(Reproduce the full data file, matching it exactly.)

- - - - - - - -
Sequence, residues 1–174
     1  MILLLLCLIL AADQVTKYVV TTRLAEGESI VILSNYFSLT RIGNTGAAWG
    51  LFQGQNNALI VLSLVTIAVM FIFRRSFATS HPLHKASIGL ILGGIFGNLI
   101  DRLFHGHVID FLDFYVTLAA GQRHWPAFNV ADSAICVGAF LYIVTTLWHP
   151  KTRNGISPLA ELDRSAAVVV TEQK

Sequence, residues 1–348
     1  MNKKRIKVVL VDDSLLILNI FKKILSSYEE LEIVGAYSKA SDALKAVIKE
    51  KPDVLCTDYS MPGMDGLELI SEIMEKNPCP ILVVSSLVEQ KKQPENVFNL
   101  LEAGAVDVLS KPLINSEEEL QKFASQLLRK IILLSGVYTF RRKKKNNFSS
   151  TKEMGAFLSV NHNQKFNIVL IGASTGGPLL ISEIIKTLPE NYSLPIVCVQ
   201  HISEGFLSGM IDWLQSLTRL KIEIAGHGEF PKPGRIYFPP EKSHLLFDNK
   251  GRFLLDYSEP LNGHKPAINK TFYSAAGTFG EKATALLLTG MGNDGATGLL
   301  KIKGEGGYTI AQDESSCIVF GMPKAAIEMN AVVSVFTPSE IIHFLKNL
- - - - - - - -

Sequence, residues 1–174
     1  MILLLLCLIL AADQVTKYVV TTRLAEGESI VILSNYFSLT RIGNTGAAWG
    51  LFQGQNNALI VLSLVTIAVM FIFRRSFATS HPLHKASIGL ILGGIFGNLI
   101  DRLFHGHVID FLDFYVTLAA GQRHWPAFNV ADSAICVGAF LYIVTTLWHP
   151  KTRNGISPLA ELDRSAAVVV TEQK

Sequence, residues 1–348
     1  MNKKRIKVVL VDDSLLILNI FKKILSSYEE LEIVGAYSKA SDALKAVIKE
    51  KPDVLCTDYS MPGMDGLELI SEIMEKNPCP ILVVSSLVEQ KKQPENVFNL
   101  LEAGAVDVLS KPLINSEEEL QKFASQLLRK IILLSGVYTF RRKKKNNFSS
   151  TKEMGAFLSV NHNQKFNIVL IGASTGGPLL ISEIIKTLPE NYSLPIVCVQ
   201  HISEGFLSGM IDWLQSLTRL KIEIAGHGEF PKPGRIYFPP EKSHLLFDNK
   251  GRFLLDYSEP LNGHKPAINK TFYSAAGTFG EKATALLLTG MGNDGATGLL
   301  KIKGEGGYTI AQDESSCIVF GMPKAAIEMN AVVSVFTPSE IIHFLKNL